UNHCR Photo Unit (via Flickr)

African migration calls for an intercontinental outlook

Frank van Kesteren | 26 November 2015

Although African migration is no new phenomenon, migration from Africa to Europe has increased in recent years. What is driving these people to move to Europe right now? When answering this question it becomes clear that effective migration policies need to target development inside Africa, with a particular focus on the rule of law and decent employment opportunities. 

This expert opinion is part of our living analysis on migration

The Migration Trail

While European policymakers are challenged to formulate unified migration policies, blind spots along the migration trails hamper our ability to understand the situation as it is.

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When placing the data on African migration to Europe into historical and regional context, the idea of an abrupt en masse migration of Africans cannot be upheld. First, the idea of a lack of borders and an easy journey for Africans is flawed. Due to Israeli immigration policies, Yemen’s implosion plus repressive migration policies at the Moroccan border, migrants can only use the Central Mediterranean route. These people take long, dangerous and costly journeys where more often than not they end up being stranded in Algeria or Morocco.

Overview of recent African migration to Europe

African migration to Europe traditionally occurs across two routes: the Western Mediterranean route and the Central Mediterranean route. In 2014, the use of the Central Mediterranean route to Europe (from Libya or Egypt to Italy or Malta) sharply increased: from approximately 40,000 people in 2013 to 170,000 in 2014. In 2015 it is likely that this number will stay the same. Syrian refugees have the highest share in this growth, but African migrants also account for a large part. Graph 1 shows that Eritreans, Sub-Saharan Africans, Nigerians and Somali’s make up the majority of the African share.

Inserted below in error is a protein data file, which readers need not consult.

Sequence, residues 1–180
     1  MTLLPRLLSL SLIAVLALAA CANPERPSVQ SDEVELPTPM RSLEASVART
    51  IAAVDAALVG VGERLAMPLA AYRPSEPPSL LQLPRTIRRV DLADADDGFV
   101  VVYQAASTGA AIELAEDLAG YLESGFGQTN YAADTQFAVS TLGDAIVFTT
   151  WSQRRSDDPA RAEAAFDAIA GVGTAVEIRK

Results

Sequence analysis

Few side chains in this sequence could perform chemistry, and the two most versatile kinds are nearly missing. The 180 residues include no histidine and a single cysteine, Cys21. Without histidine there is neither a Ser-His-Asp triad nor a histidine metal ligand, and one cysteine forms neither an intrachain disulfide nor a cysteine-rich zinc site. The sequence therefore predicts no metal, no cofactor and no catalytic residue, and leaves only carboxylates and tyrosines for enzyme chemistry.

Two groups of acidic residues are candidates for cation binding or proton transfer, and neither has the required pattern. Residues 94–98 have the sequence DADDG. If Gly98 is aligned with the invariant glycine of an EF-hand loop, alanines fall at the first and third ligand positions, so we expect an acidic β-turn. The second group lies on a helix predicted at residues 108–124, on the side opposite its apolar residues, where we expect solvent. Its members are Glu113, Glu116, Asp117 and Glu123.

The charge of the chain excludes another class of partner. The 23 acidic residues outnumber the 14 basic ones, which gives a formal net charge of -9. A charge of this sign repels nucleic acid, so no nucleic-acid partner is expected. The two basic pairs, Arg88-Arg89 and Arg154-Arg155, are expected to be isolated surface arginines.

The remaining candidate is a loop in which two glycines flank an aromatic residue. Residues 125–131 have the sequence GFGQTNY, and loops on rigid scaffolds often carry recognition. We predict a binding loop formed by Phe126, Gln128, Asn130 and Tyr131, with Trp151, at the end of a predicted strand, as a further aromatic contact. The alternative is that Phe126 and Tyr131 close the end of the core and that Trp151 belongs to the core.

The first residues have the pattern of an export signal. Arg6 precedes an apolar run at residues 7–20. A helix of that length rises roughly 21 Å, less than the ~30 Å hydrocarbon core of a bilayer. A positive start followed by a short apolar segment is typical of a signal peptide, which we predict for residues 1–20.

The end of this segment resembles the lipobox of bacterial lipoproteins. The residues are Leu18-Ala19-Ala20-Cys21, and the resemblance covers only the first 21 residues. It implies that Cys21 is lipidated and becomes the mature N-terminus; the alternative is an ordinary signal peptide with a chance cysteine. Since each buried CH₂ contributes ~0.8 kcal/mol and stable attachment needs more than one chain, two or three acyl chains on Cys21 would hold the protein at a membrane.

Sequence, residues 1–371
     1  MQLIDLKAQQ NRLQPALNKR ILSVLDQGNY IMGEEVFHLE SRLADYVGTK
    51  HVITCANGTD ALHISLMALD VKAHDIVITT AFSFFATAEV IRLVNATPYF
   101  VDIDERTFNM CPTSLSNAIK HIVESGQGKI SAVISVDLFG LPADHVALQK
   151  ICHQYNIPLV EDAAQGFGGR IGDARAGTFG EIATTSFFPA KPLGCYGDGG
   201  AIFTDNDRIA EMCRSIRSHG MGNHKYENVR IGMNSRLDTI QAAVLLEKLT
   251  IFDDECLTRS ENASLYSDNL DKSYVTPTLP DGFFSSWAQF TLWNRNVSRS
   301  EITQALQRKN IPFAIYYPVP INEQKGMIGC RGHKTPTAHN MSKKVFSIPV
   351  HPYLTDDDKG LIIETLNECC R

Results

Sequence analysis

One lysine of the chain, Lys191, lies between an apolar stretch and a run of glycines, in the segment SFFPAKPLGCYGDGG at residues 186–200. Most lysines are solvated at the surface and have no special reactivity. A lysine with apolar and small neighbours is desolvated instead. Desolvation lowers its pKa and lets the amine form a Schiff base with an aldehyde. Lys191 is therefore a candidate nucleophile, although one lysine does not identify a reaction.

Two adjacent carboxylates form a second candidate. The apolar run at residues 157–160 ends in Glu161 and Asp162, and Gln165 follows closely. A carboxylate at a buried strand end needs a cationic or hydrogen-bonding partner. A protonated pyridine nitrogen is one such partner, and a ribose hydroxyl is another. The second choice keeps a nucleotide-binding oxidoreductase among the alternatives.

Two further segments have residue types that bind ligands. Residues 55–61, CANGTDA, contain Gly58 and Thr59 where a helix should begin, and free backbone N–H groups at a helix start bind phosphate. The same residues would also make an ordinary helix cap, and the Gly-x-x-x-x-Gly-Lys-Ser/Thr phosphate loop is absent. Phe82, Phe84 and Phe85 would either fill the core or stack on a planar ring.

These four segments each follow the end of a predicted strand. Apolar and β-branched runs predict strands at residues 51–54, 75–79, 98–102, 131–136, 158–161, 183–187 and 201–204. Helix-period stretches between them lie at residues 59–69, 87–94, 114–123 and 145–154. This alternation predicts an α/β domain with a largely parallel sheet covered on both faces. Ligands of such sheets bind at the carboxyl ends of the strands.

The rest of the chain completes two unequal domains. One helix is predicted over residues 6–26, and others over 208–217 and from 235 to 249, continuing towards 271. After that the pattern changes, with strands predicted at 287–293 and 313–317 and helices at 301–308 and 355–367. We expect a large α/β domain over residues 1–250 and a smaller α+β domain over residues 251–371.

Graph 1: Six main nationalities of irregular migrants from Africa to Europe (source: Frontex, 2015)

Secondly, the idea of African migration as a new phenomenon is incorrect. The figures on African migration are not remarkably different from the past, except from the fact that migrants are now continuing to Europe. The increase in migration from Africa to Europe is relatively small in comparison to migration numbers between African countries. In West Africa for instance, regional migration is still seven times larger than migration to other parts of the world. Many African refugees reside in African countries (see Graph 2 below). As an example, most of the Somali refugees reside in neighbouring countries as Kenya, Ethiopia or Yemen. In fact, the amount of migrants as a piece of the total African population decreases.

Therefore, those claiming that Africans have discovered European luxuries and have all of a sudden started to relocate are essentially wrong.

Graph 2: Amount of refugees inside Africa by country of origin (source: UNHCR, 2015)

From regional to international migration

In fact, African migrants are primarily driven by a lack of security and economic opportunities, influenced by scarcity of resources due to population growth and climate change. For instance, conflict and repression are important drivers for Eritreans, Nigerians and Somalians to move. The moment, destination and extent of migration depend on different factors however. Historically, African refugees moved within their own countries or to neighbouring countries, due the proximity and cultural linkages. The shift to large-distance migration patterns within or outside Africa we now see today have three different explanations.